In the days following Ireland’s perhaps unlikely qualification for the European Championships in France next summer, a photo emerged of a prominent Gaelic footballer taking in the momentous occasion. So what, I hear you say. Well now read on…
For one thing, at the time former Dunboyne and Meath great Jim Reilly passed away, a conversation came up regarding an occasion during the time when he was at the height of his playing career when an excursion was undertaken to a soccer match. In fact, several were at the time, but the one which continually recurs in conversation revolves around the occasion Sir Stanley Matthews was in town.
You must be mindful of the fact that in those days anything to do with ‘foreign’ games was utterly frowned upon and anyone brave enough to even contemplate engaging in such practises ran the risk of having the full gauntlet of the powers that be thrown at them.
Still, giving in to the lure of seeing some of the best in the world at a particular discipline do their thing is totally understandable. Which readily explains the presence of the GAA player at the wonderful occasion on Lansdowne Road, on a winter’s day. However, it may well have stoked feelings regarding the opportunities for players of our native codes to don the national colours also!
Of course, in the GAA’s fifth limb as it were, Handball, the opportunity has been there for as long as can be recalled and in recent years Cavan’s Paul Brady in particular has represented the Association and by extension the country with distinction. Amassing numerous world titles along the way.
Yet, for exponents of the organisation’s on-field crafts, no such opportunity existed until the creation of hybrid games against Australia for our footballers while jousts with Scotland were the reward for hurlers selected to participate at international level. Without harrowing over old ground, the concept of these games clearly aren’t everyone’s cup of tea but what’s equally manifest is the players interest and pride in representing their people.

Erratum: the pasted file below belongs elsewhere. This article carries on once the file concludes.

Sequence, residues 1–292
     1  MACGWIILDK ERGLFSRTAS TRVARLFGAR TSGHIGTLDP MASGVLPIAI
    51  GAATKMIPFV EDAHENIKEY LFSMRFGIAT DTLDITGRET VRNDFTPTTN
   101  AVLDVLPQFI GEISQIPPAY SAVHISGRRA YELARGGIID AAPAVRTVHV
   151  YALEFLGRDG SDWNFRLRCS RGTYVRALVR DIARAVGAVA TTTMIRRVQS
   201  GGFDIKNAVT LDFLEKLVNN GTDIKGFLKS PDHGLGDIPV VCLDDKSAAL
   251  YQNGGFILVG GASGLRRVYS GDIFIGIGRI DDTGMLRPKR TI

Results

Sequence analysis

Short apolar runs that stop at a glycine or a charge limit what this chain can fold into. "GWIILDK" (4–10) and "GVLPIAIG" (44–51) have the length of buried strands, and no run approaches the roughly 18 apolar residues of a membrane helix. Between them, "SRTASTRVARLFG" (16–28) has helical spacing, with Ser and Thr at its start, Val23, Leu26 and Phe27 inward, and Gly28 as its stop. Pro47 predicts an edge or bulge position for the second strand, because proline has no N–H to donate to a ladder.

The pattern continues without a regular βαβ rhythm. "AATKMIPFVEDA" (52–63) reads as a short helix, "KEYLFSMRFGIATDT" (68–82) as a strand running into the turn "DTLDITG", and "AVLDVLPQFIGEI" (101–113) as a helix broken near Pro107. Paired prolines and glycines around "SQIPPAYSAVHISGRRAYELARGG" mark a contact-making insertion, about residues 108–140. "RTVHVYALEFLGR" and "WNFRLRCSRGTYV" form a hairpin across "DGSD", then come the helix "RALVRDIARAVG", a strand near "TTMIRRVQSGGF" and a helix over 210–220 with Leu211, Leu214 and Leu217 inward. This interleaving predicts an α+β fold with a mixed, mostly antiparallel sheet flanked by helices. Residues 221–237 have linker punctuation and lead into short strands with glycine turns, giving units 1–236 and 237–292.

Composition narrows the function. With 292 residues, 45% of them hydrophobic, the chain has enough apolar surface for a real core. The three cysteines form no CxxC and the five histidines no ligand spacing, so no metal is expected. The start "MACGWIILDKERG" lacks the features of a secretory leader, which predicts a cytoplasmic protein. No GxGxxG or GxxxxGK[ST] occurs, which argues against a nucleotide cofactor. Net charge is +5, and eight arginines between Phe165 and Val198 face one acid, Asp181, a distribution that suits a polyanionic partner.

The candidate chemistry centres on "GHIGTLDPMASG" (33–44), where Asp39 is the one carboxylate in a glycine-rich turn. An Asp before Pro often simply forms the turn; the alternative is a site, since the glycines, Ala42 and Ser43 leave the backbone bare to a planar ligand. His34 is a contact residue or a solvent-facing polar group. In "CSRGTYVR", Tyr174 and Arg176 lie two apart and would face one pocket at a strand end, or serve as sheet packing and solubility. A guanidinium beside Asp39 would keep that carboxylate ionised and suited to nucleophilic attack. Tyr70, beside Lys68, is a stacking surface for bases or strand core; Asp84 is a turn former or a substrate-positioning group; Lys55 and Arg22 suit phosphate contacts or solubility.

My feelings on the topic are well known, both in terms of affording our players such opportunities and – more importantly – honouring the great man in whose honour the trophy for the football encounter is named. In a situation where it has become a battle to save these fixtures, mind you, what’s perhaps most important is that the public interest therein seems to have perked up again too. As evidenced by the fact that some 38,386 patrons attended the Hurling/Shinty and the Cormac McAnallen Cup encounter.
Detractors will doubtless jump at the fact that Croke Park was thus nowhere near being full and that it wasn’t even as big an attendance as in Australia last season. However, those in attendance certainly got value for money – from both matches – and, with due respect to TG4, RTE covering them added to their status also and may even have planted some intrigue in those tuned in at home. Maybe even enough to put posteriors on seats. And, with that in mind, a lively, competitive game like that which transpired will do no end of good in terms of maintaining the long term viability of the concept. Mind you, to that end, it was very encouraging to note that both sides were talking in tones alluding to the long term future of the outings. Most encouraging from the sound bites emanating was the idea of taking such an occasion to New York. Particularly given the number of Irish located thence. For all that, I would whole heartedly concur with Matt Connor’s assertion that those in a position to do so should return to the three Test format which held sway in the 1980s.
Anyway, looking at the action that transpired most recently, it was great to see Meath players doing the State some service again. In this instance, that being in the Shinty as the Longwood duo of Mickey Burke and Damien Healy along with Trim’s James Toher performed admirably as the home team overturned an earlier heavy defeat in Inverness to topple Scotland after a late scoring flourish.
Now, the Meath connection with the hybrid football game is well known at this stage. But, in playing their part in the Shinty, the Meath lads ensured the upkeep of an equally strong tradition in that sphere, which includes Dunboyne’s Paul Gannon being on international duty some years back.
Incidentally, it’s worth yet again noting how much the opportunity to represent their country means to players. As best underlined by decorated stars of our games taking part and illuminating a great nights action. Maybe even more special was seeing lads from counties which – for whatever reason – don’t attain the profile of others.
This time around, Gary Brennan being the standout such performer. It’s reassuring and only right that it appears others will have similar opportunities going forward.